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David Bouchier: Out Of Thin Air

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In 1922 there were about 100,000 domestic radios in use in the whole United States, and 30 broadcasting stations. By 1924 there were half a million radio sets and over 500 stations. Radio just kept on growing from there.

Most of us older folks grew up with radio as our main home entertainment. For me it was the BBC in London, a national non-commercial network that offered plays, soap operas, comedies, classical music, news, and documentaries all day long. There was plenty of stuff for kids, too. I was captivated by a radio serial called Dick Barton, Special Agent, and by The Goon Show — a wonderfully anarchic British radio comedy that turned some kids quite peculiar, although fortunately it had no effect on me. My mother and grandmother were addicted to a ghastly soap opera called “Mrs. Dale's Diary.” Everything in the house had to stop when that came on.

American kids had their radio heroes too — The Shadow, Buck Rogers, The Green Hornet. Parents in those days worried about kids listening to radio too much, just as they worry now about the effects of TV and videogames. But they needn't have worried, because radio develops the imagination instead of replacing it. It allows every listener to create the action and the characters in his or her own mind, just like reading a book. For thousands of years before print came along, the human voice telling stories and reciting poems was the only form of public entertainment, apart from the occasional tribal war.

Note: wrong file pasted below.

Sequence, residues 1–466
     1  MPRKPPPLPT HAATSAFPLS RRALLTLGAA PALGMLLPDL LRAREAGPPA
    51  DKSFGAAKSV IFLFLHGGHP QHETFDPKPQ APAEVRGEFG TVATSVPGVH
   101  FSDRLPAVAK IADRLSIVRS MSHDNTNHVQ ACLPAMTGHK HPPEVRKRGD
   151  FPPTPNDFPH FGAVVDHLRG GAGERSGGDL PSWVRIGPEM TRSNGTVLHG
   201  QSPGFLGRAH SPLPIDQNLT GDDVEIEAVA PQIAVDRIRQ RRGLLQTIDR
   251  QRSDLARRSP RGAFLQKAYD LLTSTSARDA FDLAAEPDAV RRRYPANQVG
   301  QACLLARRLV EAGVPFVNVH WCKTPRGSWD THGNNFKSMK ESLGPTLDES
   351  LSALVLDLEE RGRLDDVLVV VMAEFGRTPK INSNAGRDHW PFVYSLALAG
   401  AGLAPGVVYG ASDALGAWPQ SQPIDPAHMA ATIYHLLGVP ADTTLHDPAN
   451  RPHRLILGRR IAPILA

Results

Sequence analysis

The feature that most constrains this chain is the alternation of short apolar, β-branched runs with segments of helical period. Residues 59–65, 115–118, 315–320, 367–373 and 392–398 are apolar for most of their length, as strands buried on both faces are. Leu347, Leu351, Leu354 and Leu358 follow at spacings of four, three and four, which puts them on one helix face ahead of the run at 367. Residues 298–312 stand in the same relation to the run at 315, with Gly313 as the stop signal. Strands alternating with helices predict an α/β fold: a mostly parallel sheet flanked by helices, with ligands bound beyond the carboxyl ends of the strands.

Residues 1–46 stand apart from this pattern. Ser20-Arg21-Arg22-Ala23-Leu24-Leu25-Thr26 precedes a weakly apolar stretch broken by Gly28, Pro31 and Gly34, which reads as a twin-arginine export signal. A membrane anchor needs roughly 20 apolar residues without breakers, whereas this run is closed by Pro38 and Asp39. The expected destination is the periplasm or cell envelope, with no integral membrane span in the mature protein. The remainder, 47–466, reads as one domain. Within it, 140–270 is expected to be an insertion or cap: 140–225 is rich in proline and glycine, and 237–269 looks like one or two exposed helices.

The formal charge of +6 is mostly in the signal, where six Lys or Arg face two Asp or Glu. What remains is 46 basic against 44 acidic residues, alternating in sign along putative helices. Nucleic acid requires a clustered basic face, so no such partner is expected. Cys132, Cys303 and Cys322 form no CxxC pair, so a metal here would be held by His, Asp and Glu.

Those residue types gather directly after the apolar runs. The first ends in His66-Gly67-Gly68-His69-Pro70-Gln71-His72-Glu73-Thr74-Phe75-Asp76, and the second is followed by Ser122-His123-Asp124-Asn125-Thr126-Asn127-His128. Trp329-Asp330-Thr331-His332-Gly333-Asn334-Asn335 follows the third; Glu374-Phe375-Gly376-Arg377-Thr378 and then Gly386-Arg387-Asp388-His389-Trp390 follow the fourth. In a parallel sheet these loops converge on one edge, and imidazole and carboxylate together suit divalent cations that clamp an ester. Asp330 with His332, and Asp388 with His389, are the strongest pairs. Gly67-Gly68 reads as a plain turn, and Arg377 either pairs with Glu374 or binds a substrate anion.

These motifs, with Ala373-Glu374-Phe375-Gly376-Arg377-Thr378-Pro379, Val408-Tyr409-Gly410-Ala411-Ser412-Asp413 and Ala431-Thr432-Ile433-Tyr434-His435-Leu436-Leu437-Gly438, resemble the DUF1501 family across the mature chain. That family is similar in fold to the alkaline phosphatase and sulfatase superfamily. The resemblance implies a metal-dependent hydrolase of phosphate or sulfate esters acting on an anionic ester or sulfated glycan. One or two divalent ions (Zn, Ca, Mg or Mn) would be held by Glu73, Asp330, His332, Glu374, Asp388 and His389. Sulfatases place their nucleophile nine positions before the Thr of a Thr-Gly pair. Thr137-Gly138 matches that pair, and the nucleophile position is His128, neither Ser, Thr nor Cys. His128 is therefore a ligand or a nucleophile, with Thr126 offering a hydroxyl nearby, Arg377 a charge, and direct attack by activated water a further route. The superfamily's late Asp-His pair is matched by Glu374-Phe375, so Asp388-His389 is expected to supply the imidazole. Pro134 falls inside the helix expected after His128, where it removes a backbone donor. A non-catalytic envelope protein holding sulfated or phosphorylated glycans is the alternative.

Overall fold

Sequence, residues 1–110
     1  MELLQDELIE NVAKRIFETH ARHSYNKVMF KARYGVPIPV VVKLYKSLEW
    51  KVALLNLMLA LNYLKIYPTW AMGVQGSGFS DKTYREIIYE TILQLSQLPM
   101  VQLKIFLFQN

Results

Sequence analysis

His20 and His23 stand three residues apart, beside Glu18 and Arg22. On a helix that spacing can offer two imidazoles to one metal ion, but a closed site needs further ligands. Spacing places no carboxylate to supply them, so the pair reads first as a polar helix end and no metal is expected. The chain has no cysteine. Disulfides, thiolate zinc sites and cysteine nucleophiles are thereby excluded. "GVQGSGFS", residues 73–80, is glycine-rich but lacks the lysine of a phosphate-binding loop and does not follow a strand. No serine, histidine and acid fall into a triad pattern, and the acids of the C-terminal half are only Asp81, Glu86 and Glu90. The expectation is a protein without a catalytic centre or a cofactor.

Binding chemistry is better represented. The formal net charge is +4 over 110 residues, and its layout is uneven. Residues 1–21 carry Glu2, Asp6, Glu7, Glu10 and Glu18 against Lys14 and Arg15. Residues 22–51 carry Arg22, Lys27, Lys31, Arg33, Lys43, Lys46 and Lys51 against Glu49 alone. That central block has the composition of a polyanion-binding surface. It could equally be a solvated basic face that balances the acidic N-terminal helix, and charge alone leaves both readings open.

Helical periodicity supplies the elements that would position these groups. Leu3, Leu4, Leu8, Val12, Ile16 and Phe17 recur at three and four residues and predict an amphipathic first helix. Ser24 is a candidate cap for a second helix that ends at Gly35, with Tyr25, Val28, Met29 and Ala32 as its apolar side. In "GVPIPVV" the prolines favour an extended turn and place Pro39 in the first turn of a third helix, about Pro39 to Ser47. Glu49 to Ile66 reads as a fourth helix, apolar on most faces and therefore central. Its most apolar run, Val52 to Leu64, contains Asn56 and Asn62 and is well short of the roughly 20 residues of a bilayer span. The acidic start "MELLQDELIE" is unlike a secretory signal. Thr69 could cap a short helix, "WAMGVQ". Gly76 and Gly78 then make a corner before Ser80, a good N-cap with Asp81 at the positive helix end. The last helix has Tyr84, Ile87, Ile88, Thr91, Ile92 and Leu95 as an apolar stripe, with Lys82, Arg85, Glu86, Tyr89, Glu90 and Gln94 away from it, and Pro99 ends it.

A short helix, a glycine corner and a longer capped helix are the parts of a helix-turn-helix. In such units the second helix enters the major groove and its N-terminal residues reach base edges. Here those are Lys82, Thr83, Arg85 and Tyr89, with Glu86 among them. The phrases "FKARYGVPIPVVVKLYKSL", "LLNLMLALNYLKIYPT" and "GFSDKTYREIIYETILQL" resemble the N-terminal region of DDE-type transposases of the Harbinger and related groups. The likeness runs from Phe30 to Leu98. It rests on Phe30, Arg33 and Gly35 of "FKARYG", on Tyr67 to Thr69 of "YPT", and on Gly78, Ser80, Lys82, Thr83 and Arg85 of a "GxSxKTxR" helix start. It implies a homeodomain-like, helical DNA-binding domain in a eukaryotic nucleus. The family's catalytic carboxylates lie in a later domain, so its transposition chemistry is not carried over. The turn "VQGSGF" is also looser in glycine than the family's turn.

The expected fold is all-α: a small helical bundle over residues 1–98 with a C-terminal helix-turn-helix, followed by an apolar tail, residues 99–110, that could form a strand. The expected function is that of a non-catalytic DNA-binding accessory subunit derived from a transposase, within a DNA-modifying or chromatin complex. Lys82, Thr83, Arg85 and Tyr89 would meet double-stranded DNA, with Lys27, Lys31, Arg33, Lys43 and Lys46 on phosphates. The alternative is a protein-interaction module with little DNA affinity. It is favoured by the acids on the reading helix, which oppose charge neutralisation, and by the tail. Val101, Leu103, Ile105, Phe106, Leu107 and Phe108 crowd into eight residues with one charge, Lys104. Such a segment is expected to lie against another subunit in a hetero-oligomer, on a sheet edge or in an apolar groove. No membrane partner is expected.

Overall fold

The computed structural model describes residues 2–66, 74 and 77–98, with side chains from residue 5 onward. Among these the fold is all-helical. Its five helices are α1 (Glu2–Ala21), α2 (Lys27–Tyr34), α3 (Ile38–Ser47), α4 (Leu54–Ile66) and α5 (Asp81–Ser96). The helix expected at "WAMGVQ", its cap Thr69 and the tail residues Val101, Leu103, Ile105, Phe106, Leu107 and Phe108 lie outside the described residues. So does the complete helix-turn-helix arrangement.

When television arrived in the 1940s, Gracie Allen said sadly: "It seems like nobody watches the radio anymore," and she was right. For a while, radio was in danger of being wiped out entirely by television. Commercial radio stations scrambled to survive by switching to simplified, low-cost programming. That’s why the FM band today is mostly pop songs, and the AM band is mostly traffic and weather, tabloid-style news, and nasty call-in shows full of spite and envy. You get what you pay for — or rather, you get what the advertisers are willing to pay for.

Sometimes we forget what we almost lost. Quality radio in America was rescued from oblivion by the establishment of National Public Radio fifty years ago in 1971. That’s why we can still hear calm, non-commercial broadcasting: real news, clever quizzes, thoughtful commentaries and all kinds of good music. You may be driving, or on the beach, or hiding in quarantine, or even in the shower, and these intelligent programs come to you out of thin air, or so it seems. Who knows or cares where they come from, or how they’re paid for?

Many European countries have excellent non-commercial radio because it’s paid for by — guess what? — a tax. Everybody must pay whether they listen or not. We have an altogether more democratic system, an honor system. Those who choose to listen choose to pay. It just goes to show what farsighted, thoughtful and honest people we are.

Copyright: David Bouchier

  

David began as a print journalist in London and taught at a British university for almost 20 years. He joined WSHU as a weekly commentator in 1992, becoming host of Sunday Matinee in 1996.